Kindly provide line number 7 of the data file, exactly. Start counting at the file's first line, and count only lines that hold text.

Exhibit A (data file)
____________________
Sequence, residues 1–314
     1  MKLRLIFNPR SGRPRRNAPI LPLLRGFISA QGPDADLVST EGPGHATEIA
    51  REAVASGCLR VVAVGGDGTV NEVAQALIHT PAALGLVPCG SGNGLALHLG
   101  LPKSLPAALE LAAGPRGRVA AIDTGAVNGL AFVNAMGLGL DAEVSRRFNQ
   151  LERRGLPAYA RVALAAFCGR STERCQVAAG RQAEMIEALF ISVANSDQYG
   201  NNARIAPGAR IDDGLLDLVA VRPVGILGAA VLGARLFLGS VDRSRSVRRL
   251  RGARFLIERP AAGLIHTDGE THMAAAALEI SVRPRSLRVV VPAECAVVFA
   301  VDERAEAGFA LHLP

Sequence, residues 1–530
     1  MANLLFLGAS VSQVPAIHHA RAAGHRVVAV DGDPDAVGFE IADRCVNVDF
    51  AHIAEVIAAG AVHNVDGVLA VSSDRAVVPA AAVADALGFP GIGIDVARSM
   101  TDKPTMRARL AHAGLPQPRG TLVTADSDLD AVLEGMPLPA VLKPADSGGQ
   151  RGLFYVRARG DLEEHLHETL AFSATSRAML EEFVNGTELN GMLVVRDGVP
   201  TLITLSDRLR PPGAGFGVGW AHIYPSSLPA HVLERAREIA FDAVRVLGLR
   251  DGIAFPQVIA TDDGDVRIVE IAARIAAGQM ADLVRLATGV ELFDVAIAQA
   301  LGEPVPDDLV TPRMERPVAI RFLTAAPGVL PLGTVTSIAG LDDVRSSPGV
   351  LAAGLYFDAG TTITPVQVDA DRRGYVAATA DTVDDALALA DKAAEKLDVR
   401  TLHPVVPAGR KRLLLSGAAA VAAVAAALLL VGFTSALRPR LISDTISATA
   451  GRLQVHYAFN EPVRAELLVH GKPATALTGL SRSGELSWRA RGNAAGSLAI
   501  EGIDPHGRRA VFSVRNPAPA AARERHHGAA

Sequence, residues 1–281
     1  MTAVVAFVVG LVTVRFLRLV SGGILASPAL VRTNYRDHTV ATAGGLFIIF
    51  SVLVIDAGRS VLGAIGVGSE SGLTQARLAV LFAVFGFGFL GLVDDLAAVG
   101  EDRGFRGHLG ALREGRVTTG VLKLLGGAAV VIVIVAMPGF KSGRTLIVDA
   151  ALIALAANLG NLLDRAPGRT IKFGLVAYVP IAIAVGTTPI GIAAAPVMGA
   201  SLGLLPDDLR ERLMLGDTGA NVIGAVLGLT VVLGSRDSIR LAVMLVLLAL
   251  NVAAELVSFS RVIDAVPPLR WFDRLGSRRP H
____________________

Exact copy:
   251  RGARFLIERP AAGLIHTDGE THMAAAALEI SVRPRSLRVV VPAECAVVFA